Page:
By Michael Liss, Esq.
Thirty-three of the 50 United States have medical cannabis programs. Yet, cannabis remains a Schedule 1 drug, a category shared with heroin, LSD, ecstasy, peyote and Quaaludes (no longer manufactured). These drugs, by federal law, are defined as having no currently accepted medical use and having a high potential for abuse. Cocaine, strong opiates, benzos and all speeds are scheduled less restrictively. This is the current federal legal status of any and all marijuana. As ridiculous as this seems, how patients and their cannabis are treated in a hospital setting are, largely, consistent with federal law.
No Florida hospitals currently allow patients to possess and consume cannabis products during a hospitalization. The fear of a hospital losing accreditation and funding simply places the conversation off of the table for now. However, looking at two items allows for us to see what may be on the horizon regarding hospital patients and cannabis:
Firstly, “Right To Try” legislation has been passed on both the federal and state levels. Florida’s bill was signed in 2015. The notion behind these laws is to allow terminally ill patients access to experimental drugs and/or therapies which have not been approved for general use by either the FDA or DEA, but have completed “Phase 1” trials (early and limited human). Under various state programs, cannabis will soon undergo true medical trials. The Right To Try laws will be used by doctors in “Phase 1” testing.
Florida’s “Right To Try” law is actually written so liberally that one can envision the right patient, right now, being allowed by the right facility to consume some sort of cannabis product in the hospital setting. The law (§499.0295, Florida Statutes “Experimental treatments for terminal conditions”) allows an “eligible” (terminal) patient, who has considered all existing approved options, who provides informed consent “for the use of an investigational drug, biological product, or device” and provides consent to allow terminal patients to try any “Investigational drug, biological product , or device”, which has withstood Phase I testing. Surely that is imminent in Florida, on this basis.
Secondly, there is the Mayo Clinic model. Mayo Clinic operates campuses in Arizona and Minnesota, as well as Florida. Mayo’s campuses in Arizona and Florida, “do not dispense medical marijuana and do not allow its use on campus or in the hospital.” However, at the Minnesota campus, “Minnesota residents with a supply of medical cannabis from the Minnesota Medical Cannabis program may continue use during their Mayo Clinic visit or hospital admission.” Why is this?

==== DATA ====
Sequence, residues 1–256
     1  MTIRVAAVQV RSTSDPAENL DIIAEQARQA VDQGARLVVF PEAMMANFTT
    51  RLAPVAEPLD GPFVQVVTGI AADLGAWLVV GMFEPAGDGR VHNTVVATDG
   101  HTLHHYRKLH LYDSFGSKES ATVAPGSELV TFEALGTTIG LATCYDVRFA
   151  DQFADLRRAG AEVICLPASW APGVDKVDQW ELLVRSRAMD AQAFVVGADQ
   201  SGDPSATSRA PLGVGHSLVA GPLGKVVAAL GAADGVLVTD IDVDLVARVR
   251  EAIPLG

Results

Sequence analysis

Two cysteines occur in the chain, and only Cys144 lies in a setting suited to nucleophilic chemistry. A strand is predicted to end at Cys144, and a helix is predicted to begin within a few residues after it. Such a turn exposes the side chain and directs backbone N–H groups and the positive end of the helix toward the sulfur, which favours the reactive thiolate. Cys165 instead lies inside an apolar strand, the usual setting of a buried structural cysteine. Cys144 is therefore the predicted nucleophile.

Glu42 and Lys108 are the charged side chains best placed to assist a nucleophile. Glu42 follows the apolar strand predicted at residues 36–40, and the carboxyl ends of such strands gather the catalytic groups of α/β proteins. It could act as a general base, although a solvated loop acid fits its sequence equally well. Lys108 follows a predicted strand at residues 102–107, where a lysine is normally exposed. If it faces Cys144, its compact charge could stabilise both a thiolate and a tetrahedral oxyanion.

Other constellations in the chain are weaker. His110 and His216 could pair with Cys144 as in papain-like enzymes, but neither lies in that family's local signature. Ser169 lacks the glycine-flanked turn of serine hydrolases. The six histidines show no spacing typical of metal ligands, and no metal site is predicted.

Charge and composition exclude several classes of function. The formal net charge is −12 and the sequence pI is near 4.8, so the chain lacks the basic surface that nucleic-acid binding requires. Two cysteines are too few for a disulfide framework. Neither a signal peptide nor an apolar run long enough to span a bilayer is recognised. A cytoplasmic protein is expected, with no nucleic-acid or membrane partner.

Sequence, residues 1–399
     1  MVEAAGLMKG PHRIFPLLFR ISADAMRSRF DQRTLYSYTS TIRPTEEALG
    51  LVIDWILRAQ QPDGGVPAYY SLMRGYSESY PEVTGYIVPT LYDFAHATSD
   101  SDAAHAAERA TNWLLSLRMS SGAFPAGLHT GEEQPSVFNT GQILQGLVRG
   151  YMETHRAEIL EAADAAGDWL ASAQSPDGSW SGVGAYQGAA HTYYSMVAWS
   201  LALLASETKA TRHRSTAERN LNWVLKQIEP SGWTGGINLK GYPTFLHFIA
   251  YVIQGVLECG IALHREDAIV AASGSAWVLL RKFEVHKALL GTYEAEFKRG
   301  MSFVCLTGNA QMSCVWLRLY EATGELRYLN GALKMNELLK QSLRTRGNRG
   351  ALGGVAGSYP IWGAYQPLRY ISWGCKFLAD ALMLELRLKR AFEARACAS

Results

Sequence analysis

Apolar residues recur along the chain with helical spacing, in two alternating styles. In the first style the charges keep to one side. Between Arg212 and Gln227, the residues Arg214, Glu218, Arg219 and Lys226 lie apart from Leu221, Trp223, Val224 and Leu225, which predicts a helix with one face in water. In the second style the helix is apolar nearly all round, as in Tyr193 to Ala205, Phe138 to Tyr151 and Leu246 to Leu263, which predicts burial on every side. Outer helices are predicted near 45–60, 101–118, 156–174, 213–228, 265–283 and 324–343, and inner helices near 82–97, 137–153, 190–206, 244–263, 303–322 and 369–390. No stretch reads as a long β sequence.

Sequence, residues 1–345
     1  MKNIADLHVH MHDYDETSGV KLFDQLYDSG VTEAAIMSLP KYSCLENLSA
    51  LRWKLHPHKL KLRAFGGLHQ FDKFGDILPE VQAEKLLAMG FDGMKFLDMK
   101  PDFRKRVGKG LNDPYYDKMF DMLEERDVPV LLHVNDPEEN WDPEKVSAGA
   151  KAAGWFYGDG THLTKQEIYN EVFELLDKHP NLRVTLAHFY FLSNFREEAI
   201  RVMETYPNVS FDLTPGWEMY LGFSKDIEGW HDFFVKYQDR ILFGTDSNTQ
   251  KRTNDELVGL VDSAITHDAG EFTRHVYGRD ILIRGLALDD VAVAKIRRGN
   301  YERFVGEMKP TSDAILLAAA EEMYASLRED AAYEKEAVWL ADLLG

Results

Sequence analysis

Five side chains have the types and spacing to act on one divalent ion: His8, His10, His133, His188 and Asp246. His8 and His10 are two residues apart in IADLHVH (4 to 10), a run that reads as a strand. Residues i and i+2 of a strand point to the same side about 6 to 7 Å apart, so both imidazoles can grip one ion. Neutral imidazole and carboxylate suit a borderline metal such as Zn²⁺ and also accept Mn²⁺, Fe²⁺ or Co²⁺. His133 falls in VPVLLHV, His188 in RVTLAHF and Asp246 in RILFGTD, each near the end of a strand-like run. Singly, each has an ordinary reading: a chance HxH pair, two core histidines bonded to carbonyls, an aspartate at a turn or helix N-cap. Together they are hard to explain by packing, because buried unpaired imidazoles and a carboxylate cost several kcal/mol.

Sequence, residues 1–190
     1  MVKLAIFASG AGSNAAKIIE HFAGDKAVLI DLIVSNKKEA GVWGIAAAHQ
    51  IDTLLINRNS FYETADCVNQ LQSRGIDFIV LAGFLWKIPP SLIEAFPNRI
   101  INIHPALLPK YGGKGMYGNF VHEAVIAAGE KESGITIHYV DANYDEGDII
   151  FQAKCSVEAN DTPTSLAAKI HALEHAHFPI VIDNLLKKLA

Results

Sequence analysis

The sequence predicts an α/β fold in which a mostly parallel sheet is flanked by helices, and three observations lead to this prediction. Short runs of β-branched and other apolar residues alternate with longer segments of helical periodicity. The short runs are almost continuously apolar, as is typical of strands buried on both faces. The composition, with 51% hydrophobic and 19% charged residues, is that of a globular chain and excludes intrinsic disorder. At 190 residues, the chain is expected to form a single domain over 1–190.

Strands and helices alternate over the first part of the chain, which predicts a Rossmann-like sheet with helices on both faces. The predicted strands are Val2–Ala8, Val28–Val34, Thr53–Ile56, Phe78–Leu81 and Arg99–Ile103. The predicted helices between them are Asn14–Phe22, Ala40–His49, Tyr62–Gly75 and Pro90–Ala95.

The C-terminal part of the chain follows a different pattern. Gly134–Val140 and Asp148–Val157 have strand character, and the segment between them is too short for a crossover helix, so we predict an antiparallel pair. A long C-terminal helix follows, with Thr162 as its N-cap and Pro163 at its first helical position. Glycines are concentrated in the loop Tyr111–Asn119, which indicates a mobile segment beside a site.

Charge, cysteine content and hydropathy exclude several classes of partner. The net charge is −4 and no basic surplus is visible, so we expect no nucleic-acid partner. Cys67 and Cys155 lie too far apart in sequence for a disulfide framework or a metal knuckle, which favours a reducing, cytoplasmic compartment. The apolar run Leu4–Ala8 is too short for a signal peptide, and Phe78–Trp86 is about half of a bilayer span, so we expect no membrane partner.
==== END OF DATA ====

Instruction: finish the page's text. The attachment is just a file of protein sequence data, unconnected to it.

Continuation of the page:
Minnesota’s Office of Medical Cannabis (OMC) was directed by a 2014 state law to list all clinical trials utilizing cannabis. First was a clinical trial of cannabidiol (CBD) which led to the first cannabis-derived, DEA/FDA approved medicine, Epediolex. It is now a prescription drug available for medication-resistant seizures. Mayo believes that as long as cannabis is a part of a Minnesota-state listed trial, then its patients should be able to bring their cannabis to a Minnesota Mayo facility and use it.
What I see as possible and a likely next step is application (in Florida) of §381.986(14), titled “Exceptions To Other Laws”, which under subsection (h) states that “a research institute established by a public postsecondary educational institution, such as the H. Lee Moffitt Cancer Center and Research Institute, Inc. … or a state university that has achieved the preeminent state research university designation … may possess, test … marijuana for research purposes as provided by this section.” I predict that UF, its medical school and related hospital will soon conduct clinical trials with marijuana, likely on terminal patients (“Right To Try”). Once a study is underway, then the facilities at which the studies are conducted will allow patients to bring and use their cannabis. This will likely lead other hospitals to use the same formula to allow their most ill patients to bring and use their cannabis. Once hospitals allow certain patients to carry and consume their cannabis in facilities, then the legislature will likely make exceptions to allow more hospitals to allow patients to carry and consume what, for them, is a constitutionally protected medicine, cannabis.
Florida, with its elderly population and quickly-growing medical program, is an ideal candidate to allow human trials. And, the law allows for state schools and other research facilities to do so, without criminal liability. Once these trials take place, and those facilities allow their patients to carry and consume at those facilities, then there will be hospitals and doctors lobbying for permission, as well, and the legislature will likely allow for cannabis patients to carry and consume at most facilities, albeit with too many regulations and unnecessary hurdles (because, Florida).
Let’s look forward to movement on the federal level (such as re-scheduling cannabis to a sane level) and the state level (allowing more research and, expressly, human trials in all cannabis patients). However, in the interim, no Florida hospitals or other medical facilities allow for known, possession, storage or consumption on campus. The Mayo Clinic leads, but only at its Minnesota facilities. We’re a long way off from any sanity in this arena. Let’s hope that solid medical data begins to emerge so that the mainstream begins to accept what we all consider as fact: medical cannabis improves health and saves lives for certain patients. With trials in hand, doctors and hospitals will force reform in the law at both the federal and state levels.
Michael Liss, Esq. can be reached at firstname.lastname@example.org or (561) 981-2507, located in Boca Raton.